The Finance Secretary has confirmed any funding that comes to Scotland to tackle coronavirus will be ring-fenced.
Speaking to the PA news agency, Kate Forbes said Covid-19 will have a “substantial impact” on the Scottish economy.
Her comments come as the first case of community transmission in Scotland was reported – when the infection is not linked to foreign travel – and 36 infections have been confirmed since the outbreak started on March 1.
On Wednesday, Chancellor Rishi Sunak announced a package of measures to tackle the virus, including £5 billion for local authorities, the NHS and other public services, along with £40 million for research to find a vaccine and statutory sick pay from the first day of self-isolation.
Ms Forbes said: “The budget demonstrates that this is going to have a substantial impact on our economy.
“Businesses are contacting me, particularly in the hospitality industry, to talk about the fall in bookings, for example.”
Scotland is in line for a boost in funding based on increases seen south of the border, known as Barnett consequentials.
Currently, any consequentials from increased NHS spending in England are only spent on the health service by the Scottish Government.
Ms Forbes confirmed the same approach would be taken to tackle coronavirus.
She said: “Clearly coronavirus is the most pressing and urgent issue to respond to, and governments have been working quite constructively on the operational response to the virus – making sure that the health service is working together.
“I think it’s important that we build that same relationship on the financial response as well.
“We need to work quick, we need to be consulted in advance of any announcements so we’ve got a joined up approach to the financial impact.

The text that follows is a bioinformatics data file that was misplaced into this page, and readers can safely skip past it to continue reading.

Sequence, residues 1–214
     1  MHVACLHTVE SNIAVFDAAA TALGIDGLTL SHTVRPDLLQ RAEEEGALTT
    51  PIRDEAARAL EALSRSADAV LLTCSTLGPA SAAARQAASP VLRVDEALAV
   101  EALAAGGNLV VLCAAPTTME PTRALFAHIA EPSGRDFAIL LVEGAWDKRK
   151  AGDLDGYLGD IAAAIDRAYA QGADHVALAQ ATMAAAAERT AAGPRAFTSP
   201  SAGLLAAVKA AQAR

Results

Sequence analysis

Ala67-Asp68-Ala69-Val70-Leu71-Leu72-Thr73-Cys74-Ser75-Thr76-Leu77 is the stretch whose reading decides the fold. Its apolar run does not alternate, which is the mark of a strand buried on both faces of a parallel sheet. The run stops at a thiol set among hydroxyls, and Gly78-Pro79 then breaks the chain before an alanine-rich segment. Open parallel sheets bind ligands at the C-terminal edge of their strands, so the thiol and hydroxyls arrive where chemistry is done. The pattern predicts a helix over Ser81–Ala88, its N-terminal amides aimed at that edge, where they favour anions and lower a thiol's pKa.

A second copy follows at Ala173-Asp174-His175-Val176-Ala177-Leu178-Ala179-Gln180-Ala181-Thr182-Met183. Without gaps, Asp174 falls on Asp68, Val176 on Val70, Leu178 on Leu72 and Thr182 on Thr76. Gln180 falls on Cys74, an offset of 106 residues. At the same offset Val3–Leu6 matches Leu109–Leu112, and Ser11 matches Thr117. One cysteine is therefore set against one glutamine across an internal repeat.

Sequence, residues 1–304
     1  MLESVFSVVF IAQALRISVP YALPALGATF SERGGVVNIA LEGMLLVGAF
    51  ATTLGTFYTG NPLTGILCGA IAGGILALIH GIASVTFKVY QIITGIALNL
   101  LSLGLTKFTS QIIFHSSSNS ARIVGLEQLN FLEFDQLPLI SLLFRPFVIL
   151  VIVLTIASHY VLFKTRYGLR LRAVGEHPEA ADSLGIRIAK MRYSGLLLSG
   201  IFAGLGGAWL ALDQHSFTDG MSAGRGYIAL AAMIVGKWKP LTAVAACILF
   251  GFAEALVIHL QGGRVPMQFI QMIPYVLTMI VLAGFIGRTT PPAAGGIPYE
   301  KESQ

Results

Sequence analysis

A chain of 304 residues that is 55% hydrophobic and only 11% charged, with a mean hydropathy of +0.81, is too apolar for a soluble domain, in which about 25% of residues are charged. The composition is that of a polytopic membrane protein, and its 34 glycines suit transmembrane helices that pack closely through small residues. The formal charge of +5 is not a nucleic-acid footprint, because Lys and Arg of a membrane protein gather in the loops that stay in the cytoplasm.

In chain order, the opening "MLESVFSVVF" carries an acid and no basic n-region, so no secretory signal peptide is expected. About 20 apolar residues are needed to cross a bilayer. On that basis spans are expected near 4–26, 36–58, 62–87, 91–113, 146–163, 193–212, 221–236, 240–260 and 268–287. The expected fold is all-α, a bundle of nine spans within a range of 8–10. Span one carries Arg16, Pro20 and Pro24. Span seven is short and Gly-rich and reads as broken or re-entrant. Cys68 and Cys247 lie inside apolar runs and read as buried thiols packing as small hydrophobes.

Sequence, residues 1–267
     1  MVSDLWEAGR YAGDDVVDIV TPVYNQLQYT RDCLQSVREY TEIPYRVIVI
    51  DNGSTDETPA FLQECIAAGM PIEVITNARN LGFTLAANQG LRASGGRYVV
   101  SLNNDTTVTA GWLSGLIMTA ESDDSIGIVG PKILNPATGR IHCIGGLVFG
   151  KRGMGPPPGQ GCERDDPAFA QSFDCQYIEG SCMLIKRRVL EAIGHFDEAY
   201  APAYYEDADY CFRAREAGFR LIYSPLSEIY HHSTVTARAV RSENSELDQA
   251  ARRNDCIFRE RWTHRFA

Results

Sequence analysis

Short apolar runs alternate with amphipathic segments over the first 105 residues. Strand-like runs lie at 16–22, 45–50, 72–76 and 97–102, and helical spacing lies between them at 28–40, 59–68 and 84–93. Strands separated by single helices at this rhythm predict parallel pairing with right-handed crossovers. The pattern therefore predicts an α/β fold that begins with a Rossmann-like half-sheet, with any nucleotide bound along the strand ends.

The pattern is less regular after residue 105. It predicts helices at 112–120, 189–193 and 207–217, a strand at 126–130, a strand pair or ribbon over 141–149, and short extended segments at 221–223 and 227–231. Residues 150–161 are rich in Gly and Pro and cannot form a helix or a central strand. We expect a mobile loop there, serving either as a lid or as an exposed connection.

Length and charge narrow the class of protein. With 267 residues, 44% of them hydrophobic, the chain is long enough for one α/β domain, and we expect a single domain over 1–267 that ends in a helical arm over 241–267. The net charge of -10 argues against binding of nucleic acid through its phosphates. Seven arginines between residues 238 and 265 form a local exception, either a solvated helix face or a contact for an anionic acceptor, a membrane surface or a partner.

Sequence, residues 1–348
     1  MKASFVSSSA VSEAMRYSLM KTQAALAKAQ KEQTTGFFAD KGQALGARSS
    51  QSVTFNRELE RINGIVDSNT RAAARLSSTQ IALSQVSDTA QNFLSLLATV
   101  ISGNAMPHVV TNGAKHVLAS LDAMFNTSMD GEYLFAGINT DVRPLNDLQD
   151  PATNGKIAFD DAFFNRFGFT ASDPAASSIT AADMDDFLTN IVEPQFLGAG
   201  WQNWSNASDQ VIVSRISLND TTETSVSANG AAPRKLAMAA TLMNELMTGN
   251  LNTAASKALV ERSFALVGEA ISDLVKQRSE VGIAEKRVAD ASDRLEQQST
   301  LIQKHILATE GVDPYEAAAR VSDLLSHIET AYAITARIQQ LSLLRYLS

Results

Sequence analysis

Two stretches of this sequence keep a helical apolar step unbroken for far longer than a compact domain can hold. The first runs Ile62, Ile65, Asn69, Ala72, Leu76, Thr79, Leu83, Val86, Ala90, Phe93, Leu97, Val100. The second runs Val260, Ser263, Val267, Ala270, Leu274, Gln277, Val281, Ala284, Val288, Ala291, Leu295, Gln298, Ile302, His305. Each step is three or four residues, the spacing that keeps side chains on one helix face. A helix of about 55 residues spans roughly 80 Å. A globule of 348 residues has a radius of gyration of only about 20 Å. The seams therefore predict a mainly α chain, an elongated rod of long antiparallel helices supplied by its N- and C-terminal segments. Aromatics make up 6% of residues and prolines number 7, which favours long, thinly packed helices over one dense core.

“Additional support would be used for that frontline response, as well as ensure that businesses are support through the economic impact.”
She added: “It’s important that we do respond and, in a sense, the Chancellor’s announcement in the Budget indicated where the UK Government is going to go and we hope there will be some consequentials flowing from those decisions which enable us to take action quickly.”
The Finance Secretary also said it was important for businesses to help the Scottish Government shape its economic response to the illness.
“Subject to how long the impact lasts, that support may need to be tailored to the type of business, the sector, the type of geography and how significant the impact is,” she said.
On Thursday, Loganair announced a reduction in the number of flights it will operate due to the impact of the coronavirus.
The airline has experienced a reduction of between 15% and 20% in forward bookings as the outbreak has developed.
Loganair chief executive Jonathan Hinkles said: “We have already taken action to remove around 10% of our planned flights in April and May, amounting to about 700 flights in all, but with a greater deterioration in bookings since those decisions were taken last week we are now about to embark on a further round of schedule reductions and I am expecting that a further 10% of flights will be cancelled for April and May.
“We will work to provide as much notice as possible to customers when flight cancellations are made, and an alternative or a refund offered.”
He said no island community served by Loganair would be left without an air service, given the lifeline nature of many of the routes it serves.
Meanwhile, the VisitScotland Expo that was due to take place at P&J Live in Aberdeen on April 1 and 2 has been scrapped due to a significant number of cancellations over the coronavirus.
More than 2,000 people from around 30 countries had been due to attend the event.